Renewable energy is and has been a growing topic throughout the past few years. We all know by now that it is important that Seychelles works hard towards achieving its goal of increasing its production of energy through renewable resources by a considerable amount in the near future.
It is likely that you have heard about the solar energy project being implemented in Seychelles. You may have overheard conversations about it or seen it on TV. You may know somebody who has a PV panel on their roof or even be in possession of one yourself. My point is that it’s all about energy from the sun! Few know that there are other resources out there, the earth is full of potential renewables just waiting to be put to good use.
Other forms of renewable energy include; wind, tidal, wave, hydroelectric, geothermal, biomass and others. So all we have to do is pick the most suitable one available to Seychelles and start using it. Right? Well not exactly. It is a great deal more complicated than that but we are trying. Bear in mind that we wouldn’t put so much effort into it if it was not that important (so help save energy). Obviously tidal and wave energy would be our best choices apart from solar and wind considering our environment offers abundant establishment opportunities.
Despite its benefits, renewable energy development and installation is not cheap. Maintenance as well adds up onto the cost creating a barrier. But let’s say we had the funding and could afford to invest in this new technology. Would we?
We want to make sure that we’re investing in what needs to be a successful project. At the moment the idea is still too new to consider. Marine renewables technology is still being tested and we cannot afford to put money into something that may fall apart along the way or may just not be cost effective or efficient. Furthermore it must also be reliable in withstanding the environment. For example, rough seas, salinity, ocean current, depth pressure, biological growth and floating debris are all threats to the prosperity of such a project.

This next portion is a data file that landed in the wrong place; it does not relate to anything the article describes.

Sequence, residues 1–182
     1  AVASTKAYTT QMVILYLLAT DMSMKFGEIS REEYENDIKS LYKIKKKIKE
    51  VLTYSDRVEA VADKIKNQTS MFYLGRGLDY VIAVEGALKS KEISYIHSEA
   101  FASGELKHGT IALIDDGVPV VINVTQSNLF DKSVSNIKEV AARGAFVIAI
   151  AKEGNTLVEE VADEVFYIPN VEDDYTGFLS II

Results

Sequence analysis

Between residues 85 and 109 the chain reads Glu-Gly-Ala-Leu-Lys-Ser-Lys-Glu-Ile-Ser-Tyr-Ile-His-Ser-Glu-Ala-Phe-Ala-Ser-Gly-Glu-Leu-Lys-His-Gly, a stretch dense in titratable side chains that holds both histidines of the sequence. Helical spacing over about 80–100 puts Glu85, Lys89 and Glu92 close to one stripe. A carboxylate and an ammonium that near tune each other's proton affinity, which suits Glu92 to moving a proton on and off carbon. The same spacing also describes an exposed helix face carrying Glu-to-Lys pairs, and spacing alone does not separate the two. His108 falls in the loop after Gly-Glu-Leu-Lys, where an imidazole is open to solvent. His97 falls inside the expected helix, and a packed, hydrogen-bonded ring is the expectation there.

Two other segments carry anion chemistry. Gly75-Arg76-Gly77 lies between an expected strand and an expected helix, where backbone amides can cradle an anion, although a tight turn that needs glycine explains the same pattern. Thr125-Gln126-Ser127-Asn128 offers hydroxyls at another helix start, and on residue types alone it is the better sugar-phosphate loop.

For these reasons we haven’t really adopted tides or waves as a source of energy (yet). We are just as concerned with the good state of our ocean as we are with clean energy. However, don’t think that Seychelles doesn’t get any energy from the sea.
The eight wind turbines located near Mahe supply an input of 8 percent of Mahe’s electricity demand reducing fossil fuel dependency. The wind powering the turbines is offshore wind that comes from the sea, in terms that land reclamation is also part of the Blue Economy concept. Therefore even without direct contact the sea, the Blue Economy proves to have a diverse range of benefits to the population of the Seychelles’ islands.
Written by Nikita Rennie